Sealed and Insulated Flex Ducts

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Scope

Air seal and insulate flex ducts

Air seal and insulate flex ducts.

  • Design a compact duct layout with short, straight runs and minimal bends. Design the home to include ducts within conditioned space if possible. (The DOE Zero Energy Ready Home program requires that heating/cooling system supply ducts be installed within the conditioned space of the home.)
  • Install flex duct that is pre-insulated with a layer of fiberglass blanket insulation covered with a foil or plastic vapor barrier.
  • Use insulated duct for all supply and return ducts located in unconditioned space. Meet code or program minimum R-value requirements. See the Compliance tab for R-value minimum requirements specified in the IRC, IECC, DOE Zero Energy Ready Home program, and ENERGY STAR criteria.
  • Connect flex duct to boots, trunk lines, and return boxes by pulling flex duct over the raised bead on the metal connection collar and fastening with a nylon draw band pulled tight with a tensioning tool. Seal the duct-collar junctions with mastic.
  • Pull insulation wrapped in vapor barrier over the connections and seal seams with both UL-181-approved tape and mastic. Do not compress the insulation.
  • Ensure that all flex duct connections are air sealed for the following, regardless of whether they are located in conditioned or unconditioned space:
    • supply ducts (connections to boots, trunk ducts, other ducts, i.e., duct splicing); 
    • return ducts (connections to return box); 
    • ventilation ducting (connections to exhaust fans, for ERV/HRV dedicated ducts)
    • pressure balancing (connections for jump ducts, dedicated returns).
  • Ensure that insulation completely covers ducts and connections without gaps, voids, or compressions.
  • Consider insulating all metal ductwork located in conditioned space, including supply and return ducts, duct boots, and exhaust ducts, to minimize condensation.

See the Compliance Tab for related codes and standards, and criteria to meet national programs such as ENERGY STAR Certified Homes, DOE’s Zero Energy Ready Home program, and EPA’s Indoor airPLUS.
 

Description

Ideally ducts should be located in conditioned space, such as within a dropped ceiling, between floors, in an insulated basement or crawlspace, or in an unvented attic that is insulated along the roof line. If ducts are located in an unconditioned space, such as a vented attic or vented crawlspace, they should be sealed and insulated to prevent heat loss due to air leaks and conduction and to provide some protection against harsh conditions.

Flex duct consists of a plastic inner liner attached to a metal coil that comes already covered with a layer of fiberglass blanket insulation, which is covered by foil or plastic vapor barrier. It is typically available in R-4, R-6, and R-8. The 2009 IECC (Section 403.2) requires that supply ducts located in unconditioned space be insulated to at least R-8 (return ducts can be insulated to R-6).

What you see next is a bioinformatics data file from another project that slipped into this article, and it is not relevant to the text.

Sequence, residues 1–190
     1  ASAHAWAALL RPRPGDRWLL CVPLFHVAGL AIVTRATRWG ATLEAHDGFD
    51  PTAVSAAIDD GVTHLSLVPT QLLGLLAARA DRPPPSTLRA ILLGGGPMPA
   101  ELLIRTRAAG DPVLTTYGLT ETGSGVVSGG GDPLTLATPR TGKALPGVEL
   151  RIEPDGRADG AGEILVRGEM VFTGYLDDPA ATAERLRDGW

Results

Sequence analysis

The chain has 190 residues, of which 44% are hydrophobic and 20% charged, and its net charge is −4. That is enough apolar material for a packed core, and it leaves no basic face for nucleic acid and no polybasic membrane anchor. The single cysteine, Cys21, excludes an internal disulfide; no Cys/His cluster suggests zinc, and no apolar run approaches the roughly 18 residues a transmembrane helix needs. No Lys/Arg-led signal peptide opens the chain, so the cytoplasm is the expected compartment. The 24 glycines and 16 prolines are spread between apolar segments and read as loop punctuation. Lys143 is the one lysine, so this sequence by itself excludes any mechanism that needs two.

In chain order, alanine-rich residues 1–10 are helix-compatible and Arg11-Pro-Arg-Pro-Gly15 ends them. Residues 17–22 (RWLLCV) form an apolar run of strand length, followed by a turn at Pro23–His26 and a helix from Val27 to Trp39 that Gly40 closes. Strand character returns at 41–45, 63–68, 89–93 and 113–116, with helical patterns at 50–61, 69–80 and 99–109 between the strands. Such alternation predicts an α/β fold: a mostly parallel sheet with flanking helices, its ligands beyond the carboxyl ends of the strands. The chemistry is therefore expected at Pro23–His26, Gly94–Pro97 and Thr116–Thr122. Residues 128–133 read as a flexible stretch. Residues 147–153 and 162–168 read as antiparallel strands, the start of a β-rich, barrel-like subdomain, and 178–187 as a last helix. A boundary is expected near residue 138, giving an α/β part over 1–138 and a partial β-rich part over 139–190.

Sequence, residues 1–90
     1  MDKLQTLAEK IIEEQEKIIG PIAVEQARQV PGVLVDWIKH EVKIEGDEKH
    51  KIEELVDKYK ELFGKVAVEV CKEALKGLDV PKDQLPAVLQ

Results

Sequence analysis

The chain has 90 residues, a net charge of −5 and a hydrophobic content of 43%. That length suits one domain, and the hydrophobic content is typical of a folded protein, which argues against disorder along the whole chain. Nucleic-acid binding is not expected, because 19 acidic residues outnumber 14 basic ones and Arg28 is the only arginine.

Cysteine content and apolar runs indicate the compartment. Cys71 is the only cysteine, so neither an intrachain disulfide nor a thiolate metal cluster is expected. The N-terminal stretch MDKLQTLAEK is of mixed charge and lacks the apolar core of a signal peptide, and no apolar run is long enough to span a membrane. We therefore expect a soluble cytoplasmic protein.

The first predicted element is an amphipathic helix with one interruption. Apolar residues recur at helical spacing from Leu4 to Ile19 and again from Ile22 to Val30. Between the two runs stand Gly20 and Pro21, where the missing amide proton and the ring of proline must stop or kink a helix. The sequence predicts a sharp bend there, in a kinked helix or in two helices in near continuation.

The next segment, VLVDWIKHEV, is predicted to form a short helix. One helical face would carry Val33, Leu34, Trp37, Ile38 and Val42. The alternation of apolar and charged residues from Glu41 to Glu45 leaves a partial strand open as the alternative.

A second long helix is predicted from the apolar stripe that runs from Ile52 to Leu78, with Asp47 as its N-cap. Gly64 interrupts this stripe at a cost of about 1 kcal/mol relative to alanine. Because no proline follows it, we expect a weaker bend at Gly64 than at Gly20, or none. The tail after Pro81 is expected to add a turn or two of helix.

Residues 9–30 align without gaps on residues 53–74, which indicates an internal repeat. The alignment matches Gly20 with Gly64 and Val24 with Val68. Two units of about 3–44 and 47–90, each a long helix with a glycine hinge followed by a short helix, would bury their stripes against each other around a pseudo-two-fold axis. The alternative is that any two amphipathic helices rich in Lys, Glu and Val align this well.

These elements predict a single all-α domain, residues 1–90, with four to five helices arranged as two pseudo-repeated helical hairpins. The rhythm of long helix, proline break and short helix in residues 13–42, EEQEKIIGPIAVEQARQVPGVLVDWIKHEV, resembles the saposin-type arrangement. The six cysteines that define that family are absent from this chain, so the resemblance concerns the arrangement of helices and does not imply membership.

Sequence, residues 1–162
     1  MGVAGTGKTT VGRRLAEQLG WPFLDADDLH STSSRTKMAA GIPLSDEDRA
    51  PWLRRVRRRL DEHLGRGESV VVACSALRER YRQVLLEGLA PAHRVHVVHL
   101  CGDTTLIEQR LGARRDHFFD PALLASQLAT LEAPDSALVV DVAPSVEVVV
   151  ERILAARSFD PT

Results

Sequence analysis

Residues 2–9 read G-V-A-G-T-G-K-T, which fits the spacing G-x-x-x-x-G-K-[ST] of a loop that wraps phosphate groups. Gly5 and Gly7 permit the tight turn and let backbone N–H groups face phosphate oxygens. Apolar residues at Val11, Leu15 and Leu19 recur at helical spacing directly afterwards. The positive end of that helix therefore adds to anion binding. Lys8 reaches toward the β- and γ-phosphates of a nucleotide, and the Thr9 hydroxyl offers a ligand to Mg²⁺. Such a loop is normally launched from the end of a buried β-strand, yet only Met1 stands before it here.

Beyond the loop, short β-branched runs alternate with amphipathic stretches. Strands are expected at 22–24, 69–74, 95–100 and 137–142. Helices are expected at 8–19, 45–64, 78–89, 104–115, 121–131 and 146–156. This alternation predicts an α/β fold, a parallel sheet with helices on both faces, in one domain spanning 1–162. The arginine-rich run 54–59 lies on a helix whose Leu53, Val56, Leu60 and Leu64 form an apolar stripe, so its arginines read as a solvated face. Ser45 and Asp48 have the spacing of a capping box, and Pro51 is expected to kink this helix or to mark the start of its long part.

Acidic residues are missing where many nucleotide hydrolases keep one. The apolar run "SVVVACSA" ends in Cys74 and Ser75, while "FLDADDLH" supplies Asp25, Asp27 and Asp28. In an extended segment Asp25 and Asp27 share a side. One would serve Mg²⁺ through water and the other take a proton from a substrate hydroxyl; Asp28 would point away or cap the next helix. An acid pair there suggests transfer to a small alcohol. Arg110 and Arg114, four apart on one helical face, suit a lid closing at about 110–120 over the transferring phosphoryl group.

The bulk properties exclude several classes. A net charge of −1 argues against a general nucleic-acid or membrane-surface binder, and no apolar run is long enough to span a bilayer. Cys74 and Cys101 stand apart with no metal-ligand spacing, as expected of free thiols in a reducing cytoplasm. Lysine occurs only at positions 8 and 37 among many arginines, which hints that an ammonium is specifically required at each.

Insulation

Whenever ductwork is located in unconditioned spaces, thermal insulation with a vapor barrier is a must to prevent unnecessary heat gain or loss through the duct walls and to prevent condensation from forming on the ducts themselves. For the insulation to work properly, it must be fully aligned and in contact with the walls of the duct system. A typical vented attic with a dark shingle roof can reach summer temperatures of 140ºF. At the same time, the dew point temperature in the attic will be about the same as it is outdoors. In humid climates, "duct sweating" can become a significant problem if the duct’s thermal and vapor barriers are not properly aligned along the entire length of the duct. Because the insulation is an integral part of the duct with flex ducts, insulation alignment is not an issue along the duct length but can be a problem at connections, if the insulation layers are not properly connected.

Sealing

Duct leakage is a double hit on the utility bill: 1) duct leaks are an uncontrolled loss of conditioned air to the outdoors and 2) duct leakage drives building infiltration. For example, if a home had a 2.5-ton (30,000 BTU/H) cooling system moving 1,000 CFM (cubic feet per minute) of air and the ducts had 10% leakage (which is typical in code-built homes), the leakage rate would be 100 CFM. Each cubic foot of air carries with it 30 BTUs/H, so 3,000 BTUs of conditioned air would be lost to the outdoors each hour.

Duct leakage is an infiltration driver; it can negatively or positively pressurize the house depending on where the ducts are leaking, pulling outside air in through cracks in the building envelope or pushing conditioned air out. If the duct leakage is in the supply-side ducts, the house will be negatively pressurized compared to outdoors. If all the leakage is on the return side, the building will be positive with respect to outdoors. The field technician should understand this concept to help accurately detect any sources of duct leakage.